Work and energy relationship label

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work and energy relationship label

In physics, a force is said to do work if, when acting, there is a displacement of the point of Work transfers energy from one place to another, or one form to another. The relation between the net force and the acceleration is given by the. Kinetic energy is energy possessed by an object in motion. because the earth can pull you down through the force of gravity, doing work in the process. To understand the relationship between work and heat, we need to understand a third, linking factor: the With the interactions of heat, work and internal energy, there are energy transfers and \Delta U=q + w \label{1}\]. with.

And then I apply force. Let's say I apply a force, F, for a distance of, I think, you can guess what the distance I'm going to apply it is, for a distance of d.

So I'm pushing on this block with a force of F for a distance of d. And what I want to figure out is-- well, we know what the work is. I mean, by definition, work is equal to this force times this distance that I'm applying the block-- that I'm pushing the block.

But what is the velocity going to be of this block over here? It's going to be something somewhat faster. Because force isn't-- and I'm assuming that this is frictionless on here.

So force isn't just moving the block with a constant velocity, force is equal to mass times acceleration. So I'm actually going to be accelerating the block. So even though it's stationary here, by the time we get to this point over here, that block is going to have some velocity. We don't know what it is because we're using all variables, we're not using numbers. But let's figure out what it is in terms of v.

work and energy relationship label

So if you remember your kinematics equations, and if you don't, you might want to go back. Or if you've never seen the videos, there's a whole set of videos on projectile motion and kinematics. But we figured out that when we're accelerating an object over a distance, that the final velocity-- let me change colors just for variety-- the final velocity squared is equal to the initial velocity squared plus 2 times the acceleration times the distance.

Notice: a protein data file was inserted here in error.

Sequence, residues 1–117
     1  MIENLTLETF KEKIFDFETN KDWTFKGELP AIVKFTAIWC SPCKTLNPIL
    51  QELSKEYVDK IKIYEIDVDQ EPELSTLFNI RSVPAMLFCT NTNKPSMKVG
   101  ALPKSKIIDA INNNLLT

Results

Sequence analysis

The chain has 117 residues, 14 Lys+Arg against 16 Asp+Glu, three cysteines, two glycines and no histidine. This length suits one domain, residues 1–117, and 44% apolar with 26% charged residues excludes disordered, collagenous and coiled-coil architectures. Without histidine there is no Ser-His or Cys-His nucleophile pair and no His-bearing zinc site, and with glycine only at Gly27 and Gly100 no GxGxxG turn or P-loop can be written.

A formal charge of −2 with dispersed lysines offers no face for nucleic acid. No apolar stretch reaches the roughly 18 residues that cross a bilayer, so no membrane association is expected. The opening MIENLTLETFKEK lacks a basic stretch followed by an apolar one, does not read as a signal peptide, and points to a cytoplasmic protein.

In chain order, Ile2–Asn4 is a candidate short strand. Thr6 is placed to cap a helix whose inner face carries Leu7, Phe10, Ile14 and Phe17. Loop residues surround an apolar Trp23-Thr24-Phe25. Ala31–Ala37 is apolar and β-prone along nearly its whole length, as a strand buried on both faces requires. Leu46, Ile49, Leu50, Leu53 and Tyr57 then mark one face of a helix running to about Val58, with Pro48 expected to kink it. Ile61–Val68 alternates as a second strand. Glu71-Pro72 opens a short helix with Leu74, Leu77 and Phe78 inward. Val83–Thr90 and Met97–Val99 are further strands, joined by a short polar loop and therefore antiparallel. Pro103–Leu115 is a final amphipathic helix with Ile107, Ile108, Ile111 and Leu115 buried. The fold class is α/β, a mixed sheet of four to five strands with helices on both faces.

And we proved this back then, so I won't redo it now.

Power (video) | Work and energy | Khan Academy

But in this situation, what's the initial velocity? Well the initial velocity was 0. So the equation becomes vf squared is equal to 2 times the acceleration times the distance. And then, we could rewrite the acceleration in terms of, what?

Analysis of Situations in Which Mechanical Energy is Conserved

The force and the mass, right? So what is the acceleration? Well F equals ma. Or, acceleration is equal to force divided by you mass. So we get vf squared is equal to 2 times the force divided by the mass times the distance. And then we could take the square root of both sides if we want, and we get the final velocity of this block, at this point, is going to be equal to the square root of 2 times force times distance divided by mass.

And so that's how we could figure it out. And there's something interesting going on here. There's something interesting in what we did just now.

Work (physics)

Do you see something that looks a little bit like work? You have this force times distance expression right here. Force times distance right here. So let's write another equation.

If we know the given amount of velocity something has, if we can figure out how much work needed to be put into the system to get to that velocity. Well we can just replace force times distance with work. Because work is equal to force times distance.

work and energy relationship label